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Figure 1. The effect of 2c on the infectivity of NL43 wild-type and Nef-defective mutant viruses.

(A) The chemical structure of 2c. (B) The infectivity of the NL43 wild-type (WT) and Nef-defective mutant (ΔNef) viruses to the target TZM-bl cells was compared by varying the concentration of p24 Gag protein and is expressed as a percentage of the value for the sample on the far left. Data are shown as the mean±SD of triplicate assays and are representative of two independent experiments with similar results. (C) 2c was added to 293 cells producing NL43-WT or ΔNef viruses at the indicated concentrations for 2 days, and the concentration of p24 Gag protein in the cell supernatants was determined by ELISA (bar graph). Data are shown as the mean±SD of triplicate assays and are representative of two independent experiments with similar results. Alternatively, the producer cells were lysed and analyzed for the expression of Gag and Nef by Western blotting (lower blots). The actin blot was used as a loading control. (D) The infectivity of NL43-WT (upper) or ΔNef viruses (lower) produced by 293 cells in the absence or presence of the indicated concentrations of 2c was determined using TZM-bl cells as the target cells. The WT and ΔNef viruses were inoculated by changing the p24 concentration (2 or 4 ng/ml and 8 or 16 ng/ml for the WT and ΔNef viruses, respectively) so that the two viruses were similarly infective to the target cells. Infectivity is expressed as a percentage of the value for the sample on the far left. Data are shown as the mean±SD of triplicate assays and are representative of three independent experiments with similar results. *p<0.05.

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Figure 2. Several features of the activity of 2c on viral infectivity.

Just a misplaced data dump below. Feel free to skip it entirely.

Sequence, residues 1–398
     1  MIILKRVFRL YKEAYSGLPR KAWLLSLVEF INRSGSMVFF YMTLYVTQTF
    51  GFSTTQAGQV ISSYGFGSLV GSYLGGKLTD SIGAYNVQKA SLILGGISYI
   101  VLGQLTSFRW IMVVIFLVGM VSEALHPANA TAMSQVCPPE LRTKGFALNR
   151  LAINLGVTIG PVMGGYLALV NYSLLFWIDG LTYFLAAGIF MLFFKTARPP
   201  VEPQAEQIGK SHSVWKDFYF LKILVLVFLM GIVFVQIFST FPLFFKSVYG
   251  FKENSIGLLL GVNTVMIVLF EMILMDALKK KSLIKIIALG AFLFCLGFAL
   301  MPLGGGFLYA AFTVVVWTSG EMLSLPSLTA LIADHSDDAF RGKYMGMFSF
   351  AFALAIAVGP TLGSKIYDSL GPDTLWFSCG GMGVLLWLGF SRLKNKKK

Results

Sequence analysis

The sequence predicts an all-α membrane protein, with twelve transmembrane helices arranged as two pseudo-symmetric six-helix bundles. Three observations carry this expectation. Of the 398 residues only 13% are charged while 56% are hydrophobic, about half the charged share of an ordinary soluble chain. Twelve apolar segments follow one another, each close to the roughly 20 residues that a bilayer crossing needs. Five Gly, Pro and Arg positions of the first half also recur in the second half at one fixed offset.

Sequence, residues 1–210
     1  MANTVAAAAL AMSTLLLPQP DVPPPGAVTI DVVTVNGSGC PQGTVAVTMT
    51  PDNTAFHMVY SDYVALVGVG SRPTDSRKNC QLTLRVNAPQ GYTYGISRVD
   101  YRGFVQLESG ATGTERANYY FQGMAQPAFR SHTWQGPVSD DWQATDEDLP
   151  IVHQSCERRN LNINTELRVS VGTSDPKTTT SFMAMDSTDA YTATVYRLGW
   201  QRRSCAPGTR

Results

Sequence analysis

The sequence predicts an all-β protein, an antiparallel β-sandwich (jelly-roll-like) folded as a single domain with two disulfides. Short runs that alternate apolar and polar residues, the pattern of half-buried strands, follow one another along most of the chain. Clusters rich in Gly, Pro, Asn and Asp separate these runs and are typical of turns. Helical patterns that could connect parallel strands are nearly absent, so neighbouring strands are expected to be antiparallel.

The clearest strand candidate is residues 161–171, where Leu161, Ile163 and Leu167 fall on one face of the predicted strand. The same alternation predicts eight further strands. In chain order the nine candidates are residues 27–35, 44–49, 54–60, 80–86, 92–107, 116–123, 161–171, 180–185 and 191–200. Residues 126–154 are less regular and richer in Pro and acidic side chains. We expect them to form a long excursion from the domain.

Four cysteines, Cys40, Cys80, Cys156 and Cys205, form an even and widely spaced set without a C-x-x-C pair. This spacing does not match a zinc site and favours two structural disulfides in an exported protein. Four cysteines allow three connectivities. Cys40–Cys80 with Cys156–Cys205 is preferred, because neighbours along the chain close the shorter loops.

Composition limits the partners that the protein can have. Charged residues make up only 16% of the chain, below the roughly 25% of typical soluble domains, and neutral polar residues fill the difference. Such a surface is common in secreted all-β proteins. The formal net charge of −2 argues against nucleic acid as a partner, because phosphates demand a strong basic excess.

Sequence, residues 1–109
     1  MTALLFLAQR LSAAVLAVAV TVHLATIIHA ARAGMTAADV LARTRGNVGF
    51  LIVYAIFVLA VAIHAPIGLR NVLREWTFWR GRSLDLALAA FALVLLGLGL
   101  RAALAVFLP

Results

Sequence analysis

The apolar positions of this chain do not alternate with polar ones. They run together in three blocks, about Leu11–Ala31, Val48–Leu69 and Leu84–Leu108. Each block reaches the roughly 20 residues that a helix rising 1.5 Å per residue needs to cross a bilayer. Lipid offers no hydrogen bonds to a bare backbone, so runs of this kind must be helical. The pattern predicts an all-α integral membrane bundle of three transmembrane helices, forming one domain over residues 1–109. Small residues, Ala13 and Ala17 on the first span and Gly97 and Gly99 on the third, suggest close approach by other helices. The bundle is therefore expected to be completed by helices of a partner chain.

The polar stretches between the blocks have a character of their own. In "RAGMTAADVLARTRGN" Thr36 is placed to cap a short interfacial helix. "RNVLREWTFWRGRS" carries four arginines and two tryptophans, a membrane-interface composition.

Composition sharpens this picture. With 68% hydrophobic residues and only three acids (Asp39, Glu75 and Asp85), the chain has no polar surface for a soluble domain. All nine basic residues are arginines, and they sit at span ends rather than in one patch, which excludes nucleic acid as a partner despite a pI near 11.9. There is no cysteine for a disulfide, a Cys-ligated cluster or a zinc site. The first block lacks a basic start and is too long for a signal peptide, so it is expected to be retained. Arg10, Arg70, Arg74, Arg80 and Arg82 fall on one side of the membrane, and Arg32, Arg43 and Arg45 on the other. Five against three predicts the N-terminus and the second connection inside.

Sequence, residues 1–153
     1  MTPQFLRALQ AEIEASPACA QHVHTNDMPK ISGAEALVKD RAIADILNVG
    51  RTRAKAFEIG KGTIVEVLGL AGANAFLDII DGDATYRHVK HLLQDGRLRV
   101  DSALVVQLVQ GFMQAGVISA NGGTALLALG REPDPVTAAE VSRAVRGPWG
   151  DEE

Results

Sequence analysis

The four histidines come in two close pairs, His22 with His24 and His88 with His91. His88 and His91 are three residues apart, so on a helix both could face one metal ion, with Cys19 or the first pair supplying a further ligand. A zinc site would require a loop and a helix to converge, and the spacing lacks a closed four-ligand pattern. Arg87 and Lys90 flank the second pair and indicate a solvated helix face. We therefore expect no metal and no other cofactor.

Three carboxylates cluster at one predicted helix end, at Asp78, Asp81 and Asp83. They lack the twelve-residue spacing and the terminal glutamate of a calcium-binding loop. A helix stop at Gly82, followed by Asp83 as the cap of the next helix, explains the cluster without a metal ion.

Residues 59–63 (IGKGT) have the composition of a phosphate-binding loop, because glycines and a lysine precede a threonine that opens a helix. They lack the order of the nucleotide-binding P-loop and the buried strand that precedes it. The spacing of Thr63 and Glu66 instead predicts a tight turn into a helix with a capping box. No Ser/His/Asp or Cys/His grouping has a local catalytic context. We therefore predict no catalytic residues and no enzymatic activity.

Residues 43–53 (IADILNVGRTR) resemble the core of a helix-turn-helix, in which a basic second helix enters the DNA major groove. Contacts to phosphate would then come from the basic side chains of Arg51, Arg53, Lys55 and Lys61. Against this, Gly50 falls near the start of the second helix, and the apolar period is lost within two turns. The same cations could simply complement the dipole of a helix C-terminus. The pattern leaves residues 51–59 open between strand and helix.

(A) 2c was added to the target TZM-bl cells at the indicated concentrations together with the NL43 wild-type (WT) viruses produced in the absence of 2c. The amount of p24 inoculated was 4 or 8 ng/ml. The infectivity is expressed as a percentage of the value for the sample on the far left. (B) 2c (50 µM) or the control DMSO was added to the producer 293 cells immediately after transfection (0 h) or 24 h after transfection of the NL43 WT plasmid. The infectivity of the viruses was determined using TZM-bl cells and is expressed as a percentage of the value for the sample on the far left. The amount of p24 inoculated was 4 ng/ml. (C) 2c (50 or 75 µM) or the control DMSO was added to the producer 293 cells immediately after co-transfection of Env-defective NL43 plasmid and VSV-G expression plasmid. The infectivity of the pseudotyped viruses was determined using TZM-bl cells and is expressed as a percentage of the value for the sample on the far left. The amount of p24 inoculated was 4 or 8 ng/ml. (A–C) Data are shown as the mean±SD of triplicate assays and are representative of two independent experiments with similar results. *p<0.05.

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We also assessed the effect of 2c on viral replication. 2c decreased by half in the number of viable peripheral blood mononuclear cells after 9 days when used at 50 µM (data not shown). On the other hand, 2c at the same concentration showed no detectable toxicity to 293, TZM-bl, Jurkat T cells and macrophages (data not shown). We therefore used Jurkat and macrophages as target cells. As previously reported [28], the replication of HIV-1 NL43 was independent of Nef in Jurkat T cells (Fig. 3A). Accordingly, 2c failed to inhibit viral replication in the cells (Fig. 3A). However, WT JRFL viruses replicated more efficiently than ΔNef viruses in monocyte-derived macrophages, and 2c significantly reduced the replication of WT viruses (Fig. 3B). The result further supported the idea that the primary target of 2c was Nef.

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Figure 3. The effect of 2c on the replication of HIV-1.